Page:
April 26, 2015

Seattle Sketchers visit Seattle Chinese Garden

In 2011,  I visited the Seattle Chinese Garden with my family.  At that time, the “Knowing the Spring Courtyard” had just been completed.  Four years later, just last Sunday the Seattle Urban Sketchers went there for our monthly sketch outing.  The garden is still not complete.  In fact, most of the change I saw was in the additional planting areas.  Funding has slowed the progress of completing additional pavilions and buildings as well as other infrastructure.  Buildings and Pavilions are fabricated in China and artisans are brought over to work with local contractors for the installation of the work.  There is a lot more to be done.    It is planned to ultimately have a total of 12 buildings, including an education center and a banquet hall.  When completed, the gardens and buildings will cover  4.6 acres on the north side of South Seattle Community College.

The project is a collaboration between architects and artisans from Seattle and its sister  city of Chongqing.  The Garden when completed will represent the traditional Sichuan style Chinese garden.

Seattle Urban Sketchers -It looks like we were in China!
Admiring the work done during the day.
My sketch and the Pine and Plum Pavilion
The Pine and Plum Pavilion
Rear entrance of the Knowing the Spring Courtyard
Walkways that surround the Knowing the Spring Courtyard.

London Urban Sketchers draw St Paul's Cathedral and the Thames

Yesterday, London Urban Sketchers held their monthly sketchcrawl - this month it was "Let's Draw St Paul's to the Thames" Here's a couple of photographs of our ever increasing band of happy sketchers - and their sketches.

....at lunchtime, here we all are on the roof terrace of One New Change, nearly level with the dome of St Paul's Cathedral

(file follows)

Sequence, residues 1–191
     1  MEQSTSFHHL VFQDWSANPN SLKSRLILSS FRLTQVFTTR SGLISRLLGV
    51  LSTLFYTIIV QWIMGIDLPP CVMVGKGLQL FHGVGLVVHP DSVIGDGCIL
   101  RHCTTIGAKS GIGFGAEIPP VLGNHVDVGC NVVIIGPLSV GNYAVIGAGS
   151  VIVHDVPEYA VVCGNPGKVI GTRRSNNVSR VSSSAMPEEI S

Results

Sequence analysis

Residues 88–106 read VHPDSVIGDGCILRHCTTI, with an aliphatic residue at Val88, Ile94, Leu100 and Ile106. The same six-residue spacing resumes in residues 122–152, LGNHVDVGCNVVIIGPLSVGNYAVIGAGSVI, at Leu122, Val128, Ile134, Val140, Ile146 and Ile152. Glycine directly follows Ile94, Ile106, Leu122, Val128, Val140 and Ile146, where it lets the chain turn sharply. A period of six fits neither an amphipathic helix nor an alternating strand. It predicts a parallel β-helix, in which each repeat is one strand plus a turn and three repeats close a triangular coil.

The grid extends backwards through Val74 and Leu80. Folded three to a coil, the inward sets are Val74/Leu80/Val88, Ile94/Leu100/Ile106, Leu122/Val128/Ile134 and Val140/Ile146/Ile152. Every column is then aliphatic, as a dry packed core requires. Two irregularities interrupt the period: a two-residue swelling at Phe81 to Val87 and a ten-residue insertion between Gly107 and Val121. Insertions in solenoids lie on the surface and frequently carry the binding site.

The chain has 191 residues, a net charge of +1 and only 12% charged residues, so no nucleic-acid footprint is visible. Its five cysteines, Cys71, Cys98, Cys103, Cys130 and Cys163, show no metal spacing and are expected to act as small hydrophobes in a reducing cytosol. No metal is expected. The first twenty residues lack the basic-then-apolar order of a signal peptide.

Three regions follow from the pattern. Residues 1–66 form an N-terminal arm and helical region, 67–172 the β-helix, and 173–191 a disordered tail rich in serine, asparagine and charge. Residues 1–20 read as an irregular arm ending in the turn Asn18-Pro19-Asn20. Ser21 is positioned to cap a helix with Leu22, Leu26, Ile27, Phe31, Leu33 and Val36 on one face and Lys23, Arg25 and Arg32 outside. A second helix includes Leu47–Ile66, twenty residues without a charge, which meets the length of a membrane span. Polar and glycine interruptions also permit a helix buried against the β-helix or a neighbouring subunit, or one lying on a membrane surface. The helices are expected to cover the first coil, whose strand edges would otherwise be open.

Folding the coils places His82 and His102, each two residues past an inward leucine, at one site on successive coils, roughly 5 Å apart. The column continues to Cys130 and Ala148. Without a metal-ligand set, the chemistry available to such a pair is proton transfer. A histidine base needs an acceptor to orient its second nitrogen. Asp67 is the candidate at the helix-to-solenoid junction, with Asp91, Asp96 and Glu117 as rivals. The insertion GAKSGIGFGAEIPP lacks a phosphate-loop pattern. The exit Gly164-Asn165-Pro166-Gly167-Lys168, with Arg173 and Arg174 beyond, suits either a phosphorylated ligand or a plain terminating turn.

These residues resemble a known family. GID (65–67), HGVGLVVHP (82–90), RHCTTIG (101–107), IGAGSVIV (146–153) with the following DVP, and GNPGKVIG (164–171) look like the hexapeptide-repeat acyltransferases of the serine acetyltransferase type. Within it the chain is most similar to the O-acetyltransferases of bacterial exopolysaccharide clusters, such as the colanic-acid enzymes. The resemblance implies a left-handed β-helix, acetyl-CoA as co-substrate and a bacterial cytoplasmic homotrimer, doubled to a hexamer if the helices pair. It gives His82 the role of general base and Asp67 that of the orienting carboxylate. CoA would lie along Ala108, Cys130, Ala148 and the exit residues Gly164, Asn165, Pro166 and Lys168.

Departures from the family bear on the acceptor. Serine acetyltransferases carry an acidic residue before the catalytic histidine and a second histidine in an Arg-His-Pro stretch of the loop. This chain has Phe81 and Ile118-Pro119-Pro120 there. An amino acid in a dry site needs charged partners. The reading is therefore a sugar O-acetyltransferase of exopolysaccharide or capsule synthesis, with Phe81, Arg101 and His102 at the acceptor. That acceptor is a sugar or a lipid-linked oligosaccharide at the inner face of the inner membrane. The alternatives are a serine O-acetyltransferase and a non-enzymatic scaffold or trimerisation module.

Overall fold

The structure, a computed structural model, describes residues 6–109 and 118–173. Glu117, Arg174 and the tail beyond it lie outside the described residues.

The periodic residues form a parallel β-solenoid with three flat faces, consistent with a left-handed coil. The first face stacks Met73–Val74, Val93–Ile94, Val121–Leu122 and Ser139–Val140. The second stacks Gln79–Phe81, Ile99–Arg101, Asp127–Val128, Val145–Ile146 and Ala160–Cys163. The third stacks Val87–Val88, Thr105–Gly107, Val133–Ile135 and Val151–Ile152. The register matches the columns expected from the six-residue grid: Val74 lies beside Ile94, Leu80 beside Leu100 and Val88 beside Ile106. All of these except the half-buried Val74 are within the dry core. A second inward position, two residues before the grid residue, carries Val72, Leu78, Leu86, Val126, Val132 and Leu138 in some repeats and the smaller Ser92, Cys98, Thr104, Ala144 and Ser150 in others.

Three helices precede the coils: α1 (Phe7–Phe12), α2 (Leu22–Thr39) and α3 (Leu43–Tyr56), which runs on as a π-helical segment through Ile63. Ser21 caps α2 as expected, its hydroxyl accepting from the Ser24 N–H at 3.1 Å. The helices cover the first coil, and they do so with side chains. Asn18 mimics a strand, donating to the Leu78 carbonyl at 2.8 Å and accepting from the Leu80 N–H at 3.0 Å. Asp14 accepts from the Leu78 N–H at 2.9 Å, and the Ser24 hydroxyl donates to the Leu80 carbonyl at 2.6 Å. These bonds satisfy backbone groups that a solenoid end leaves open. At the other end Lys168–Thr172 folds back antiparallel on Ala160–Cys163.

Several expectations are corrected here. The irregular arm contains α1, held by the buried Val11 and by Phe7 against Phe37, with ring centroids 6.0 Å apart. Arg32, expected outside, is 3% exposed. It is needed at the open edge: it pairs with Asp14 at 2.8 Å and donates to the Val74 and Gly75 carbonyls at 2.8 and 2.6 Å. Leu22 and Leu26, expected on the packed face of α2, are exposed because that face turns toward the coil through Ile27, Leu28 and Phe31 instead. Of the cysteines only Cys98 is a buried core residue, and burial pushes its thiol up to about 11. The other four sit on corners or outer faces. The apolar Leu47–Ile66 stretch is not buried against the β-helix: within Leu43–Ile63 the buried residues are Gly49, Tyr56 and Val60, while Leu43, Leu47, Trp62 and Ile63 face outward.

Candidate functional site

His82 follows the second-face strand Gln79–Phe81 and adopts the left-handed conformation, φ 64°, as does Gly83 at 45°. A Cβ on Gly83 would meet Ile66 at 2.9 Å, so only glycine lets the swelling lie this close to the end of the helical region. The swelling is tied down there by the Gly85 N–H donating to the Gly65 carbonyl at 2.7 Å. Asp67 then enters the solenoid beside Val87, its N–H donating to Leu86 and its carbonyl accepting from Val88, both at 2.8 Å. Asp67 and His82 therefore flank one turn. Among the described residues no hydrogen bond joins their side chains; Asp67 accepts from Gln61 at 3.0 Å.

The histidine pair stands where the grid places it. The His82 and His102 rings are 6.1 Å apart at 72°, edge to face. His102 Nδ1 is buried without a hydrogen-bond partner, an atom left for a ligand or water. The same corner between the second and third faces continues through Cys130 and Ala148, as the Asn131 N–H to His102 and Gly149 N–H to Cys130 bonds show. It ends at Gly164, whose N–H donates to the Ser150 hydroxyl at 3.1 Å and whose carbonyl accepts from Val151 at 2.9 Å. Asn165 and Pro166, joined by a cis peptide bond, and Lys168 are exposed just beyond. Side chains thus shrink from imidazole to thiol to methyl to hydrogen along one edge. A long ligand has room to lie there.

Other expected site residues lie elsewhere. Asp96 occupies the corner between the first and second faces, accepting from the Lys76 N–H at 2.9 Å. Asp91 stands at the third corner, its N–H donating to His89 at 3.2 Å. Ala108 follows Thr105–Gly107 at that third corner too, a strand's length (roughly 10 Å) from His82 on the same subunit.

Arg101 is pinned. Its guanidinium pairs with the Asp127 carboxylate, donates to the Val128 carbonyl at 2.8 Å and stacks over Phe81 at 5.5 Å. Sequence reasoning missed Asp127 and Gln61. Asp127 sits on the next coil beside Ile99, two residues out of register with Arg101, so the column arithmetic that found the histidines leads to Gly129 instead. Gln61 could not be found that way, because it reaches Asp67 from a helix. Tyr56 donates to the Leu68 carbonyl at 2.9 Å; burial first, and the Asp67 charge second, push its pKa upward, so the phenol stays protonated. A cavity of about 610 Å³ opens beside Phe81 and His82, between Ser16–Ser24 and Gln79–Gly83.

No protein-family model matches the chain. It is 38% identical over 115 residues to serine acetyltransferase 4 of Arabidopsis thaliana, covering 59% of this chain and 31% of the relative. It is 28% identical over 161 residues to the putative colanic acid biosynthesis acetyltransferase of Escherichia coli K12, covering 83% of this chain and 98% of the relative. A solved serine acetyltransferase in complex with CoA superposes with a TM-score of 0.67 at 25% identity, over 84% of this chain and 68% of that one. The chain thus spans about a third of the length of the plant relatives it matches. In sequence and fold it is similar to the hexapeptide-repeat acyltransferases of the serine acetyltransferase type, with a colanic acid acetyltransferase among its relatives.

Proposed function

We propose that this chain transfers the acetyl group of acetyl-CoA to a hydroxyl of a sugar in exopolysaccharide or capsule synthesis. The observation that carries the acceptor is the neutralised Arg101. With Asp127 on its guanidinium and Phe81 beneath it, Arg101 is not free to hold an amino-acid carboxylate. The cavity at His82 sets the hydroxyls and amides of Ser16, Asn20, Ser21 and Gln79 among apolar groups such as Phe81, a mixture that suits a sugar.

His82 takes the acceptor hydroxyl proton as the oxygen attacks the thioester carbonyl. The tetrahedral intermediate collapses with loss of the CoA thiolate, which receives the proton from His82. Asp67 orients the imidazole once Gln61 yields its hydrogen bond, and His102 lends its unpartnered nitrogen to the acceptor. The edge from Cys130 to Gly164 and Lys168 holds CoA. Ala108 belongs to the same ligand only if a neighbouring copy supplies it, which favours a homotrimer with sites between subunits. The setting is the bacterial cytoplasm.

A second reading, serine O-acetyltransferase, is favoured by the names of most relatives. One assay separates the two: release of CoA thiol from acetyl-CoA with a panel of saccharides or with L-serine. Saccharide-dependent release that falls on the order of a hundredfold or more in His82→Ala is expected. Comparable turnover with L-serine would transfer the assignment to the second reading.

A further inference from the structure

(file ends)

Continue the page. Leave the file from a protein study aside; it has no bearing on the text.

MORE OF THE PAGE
in the afternoon - sketching the skyline across the City of London and the South Bank of the Thames from One New Change

and at the end of the day, in Paternoster Square in front of the Stock Exchange building

and here are the sketches - from lunchtime

and some of the sketches at the end of the day - there were lots of "up close with the dome" sketches from those on the roof of One New Change!

People will be posting their sketches today and next week on

For anybody who would like to join us, next month's outing will be to the Royal Botanic Gardens at Kew on Saturday 16th May. The notice of the outing will be placed in the very near future on our blog. 

April 25, 2015

Old cottages of Akaroa

Here are some old cottage sketches from our Akaroa trip over Easter - if it's one thing Akaroa does well it's old houses. Akaroa was settled in 1840 by French settlers which gives it a point of difference amongst local destinations. As the English already had a large presence in the North Island it had been hoped that they could take the South Island in the name of France. By the time they arrived it was too late as the English had moved quickly to secure the south. Despite that they bought land from local Maori and set about building Akaroa.

This first house below – the Langlois-Eteveneux cottage is one of the original French cottages and was pre-fabricated in France then shipped out. It certainly does have a slightly different look and construction to most of the other cottages in town. Street names are a legacy of the early French settlement with this house on the corner of Rue Lavaud and Rue Balguerie.

This cottage below got the better of my landscape sketchbook - I had to crop the roof off so it could fit. This one is on Rue Jolie...

Obviously the building below isn't a cottage at all but I've included it anyway. It's the Old Shipping Office and like a lot of early NZ commercial buildings it is constructed of timber to look like stone – even down to the turned balustrades and wooden keystone at the top.

This one at the top of Rue Jolie has flowering Nikau palms and awesome harbour views...